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CIGRE Reference document demonstrates cables can be used for long AC transmission links

WG B1.47 Implementation of Long AC HV and EHV Cable Systems

Working Group B1.47 chaired by Ken Barber from Australia prepared the recently published Technical Brochure (TB no 680) on Implementation of Long AC HV and EHV Cable Systems.  This working group received strong support from Australia, which hosted one of the working group meetings.

It has been specifically prepared with the aim of providing a comprehensive document which it is hoped will be a valuable reference by any Utility, Government agency or Investor looking to put in an underground system. It focuses particularly on what can, or has been done and demonstrates that cables can be used for long AC transmission links despite their capacitive nature.

For example, some ten years ago, considerable effort was needed to convince persons appointed by the Victorian Government that it was indeed very practical to provide an 88 km, 220 kV underground AC cable to supply power to the Desalination plant being established in Victoria.

Today we are seeing many underground and sub-sea cable circuits being established which are 50 – 150 km in length. This TB explains the reasons for this very dramatic change of events and provides guidance in terms of the special factors that must be considered when designing such links.

Firstly, what is meant by a long length circuit? In the document, it is suggested this would be a minimum of 40 km for voltages less than 220 kV and 20 km for 220 kV or greater. With this definition it is interesting to note that for 30 years between 1967 – 1997 the working group could only find 13 such projects world-wide.

kb table

However, in the 3 years 2012 - 2015 there were at least 22 projects involving more than 5 times as much cable and this trend is escalating, because of the commercial benefits in having rapid interconnections to the grid. Nowadays many of the offshore wind farms are connected by AC submarine cable rather than using DC systems, due to issues related to space on the offshore platforms, costs, losses, and maintenance.

Why is there now such a significant interest in Long Length AC Power Transmission by insulated cables? Some of these reasons, which are discussed in the TB are as follows: -

  • Now possible with new cable designs and materials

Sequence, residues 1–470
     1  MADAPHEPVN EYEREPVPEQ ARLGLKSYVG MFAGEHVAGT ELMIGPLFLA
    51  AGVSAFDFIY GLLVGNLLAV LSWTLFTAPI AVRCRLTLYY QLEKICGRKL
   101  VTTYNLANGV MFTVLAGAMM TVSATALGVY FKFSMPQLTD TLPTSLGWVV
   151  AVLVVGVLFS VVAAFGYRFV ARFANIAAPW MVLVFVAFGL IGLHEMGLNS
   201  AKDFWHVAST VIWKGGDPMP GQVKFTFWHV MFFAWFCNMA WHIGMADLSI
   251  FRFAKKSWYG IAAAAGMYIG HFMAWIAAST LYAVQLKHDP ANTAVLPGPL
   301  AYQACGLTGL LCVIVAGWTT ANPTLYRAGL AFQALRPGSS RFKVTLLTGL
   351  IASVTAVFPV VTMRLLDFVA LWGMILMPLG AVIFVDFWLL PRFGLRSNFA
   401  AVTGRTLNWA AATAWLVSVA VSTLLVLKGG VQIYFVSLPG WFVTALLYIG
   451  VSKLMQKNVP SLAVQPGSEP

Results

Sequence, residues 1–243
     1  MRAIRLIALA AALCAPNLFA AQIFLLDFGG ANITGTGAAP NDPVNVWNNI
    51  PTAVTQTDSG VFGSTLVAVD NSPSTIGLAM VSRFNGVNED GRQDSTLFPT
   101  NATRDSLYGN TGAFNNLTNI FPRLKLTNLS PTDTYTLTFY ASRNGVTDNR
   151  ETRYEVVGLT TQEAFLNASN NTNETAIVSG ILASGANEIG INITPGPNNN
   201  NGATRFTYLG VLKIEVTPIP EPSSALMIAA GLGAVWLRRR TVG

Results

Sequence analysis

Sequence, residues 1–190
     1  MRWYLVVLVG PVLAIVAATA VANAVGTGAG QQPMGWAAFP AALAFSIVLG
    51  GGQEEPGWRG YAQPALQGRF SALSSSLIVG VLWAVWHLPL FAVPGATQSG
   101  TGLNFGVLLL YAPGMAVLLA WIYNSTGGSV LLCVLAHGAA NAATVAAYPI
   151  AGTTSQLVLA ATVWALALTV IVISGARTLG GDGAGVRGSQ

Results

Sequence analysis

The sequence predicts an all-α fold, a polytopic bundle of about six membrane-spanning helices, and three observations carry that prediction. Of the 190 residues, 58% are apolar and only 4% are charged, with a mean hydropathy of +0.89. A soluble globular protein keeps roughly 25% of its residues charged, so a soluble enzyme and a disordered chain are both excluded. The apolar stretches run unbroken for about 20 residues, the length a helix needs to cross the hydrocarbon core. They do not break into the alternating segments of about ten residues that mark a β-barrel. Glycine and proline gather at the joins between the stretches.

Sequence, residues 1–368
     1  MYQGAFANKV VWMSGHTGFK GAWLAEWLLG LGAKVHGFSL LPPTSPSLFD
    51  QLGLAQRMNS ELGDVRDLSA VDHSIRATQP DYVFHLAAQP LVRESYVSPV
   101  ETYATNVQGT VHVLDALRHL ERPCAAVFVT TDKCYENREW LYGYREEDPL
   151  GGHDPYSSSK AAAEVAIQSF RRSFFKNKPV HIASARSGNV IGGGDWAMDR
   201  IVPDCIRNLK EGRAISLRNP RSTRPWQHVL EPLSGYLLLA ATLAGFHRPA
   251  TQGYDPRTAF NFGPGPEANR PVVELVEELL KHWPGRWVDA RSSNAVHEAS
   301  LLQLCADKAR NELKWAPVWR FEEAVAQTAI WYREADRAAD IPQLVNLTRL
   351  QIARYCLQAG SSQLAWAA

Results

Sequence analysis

• Modern installation techniques, such as directional drilling improve opportunities
  • Difficulties in obtaining approvals for Overhead Lines (OHL)
  • Need to transfer power from new renewable energy sources to the grid where OHL is not ideal
  • Need to provide electric power to remotely located plants, offshore or in restricted environments
  • Quicker implementation time than using OHL may result in a better return on investment
  • Lower cost differential between the cost of Underground and OHL systems
  • Need for lower supply losses
  • Can resolve many environmental issues with better community acceptance
  • Improved reliability of supply with extreme weather conditions, particularly in remote areas.


The TB demonstrates that it is practical to build AC Cable links for a wide range of power transfer requirements, Currently there are links of more than 150 kms in length and loads of more than 500MVA for up to 100km of length, so we expect to see even longer links in the future.. However, each link is unique and system design modelling needs to confirm practicality and ensure compatibility with the network. It discusses cable and accessory design trends, reactive compensation to offset the cable capacitance, the need for harmonic filtering and most importantly the key factors to consider in terms of reliability of supply.  

Technical Brochure 680 is available free to members through the e-cigre document site, non member can buy it for 340€.

The abstract can be viewed here

and purchase info can be downloaded here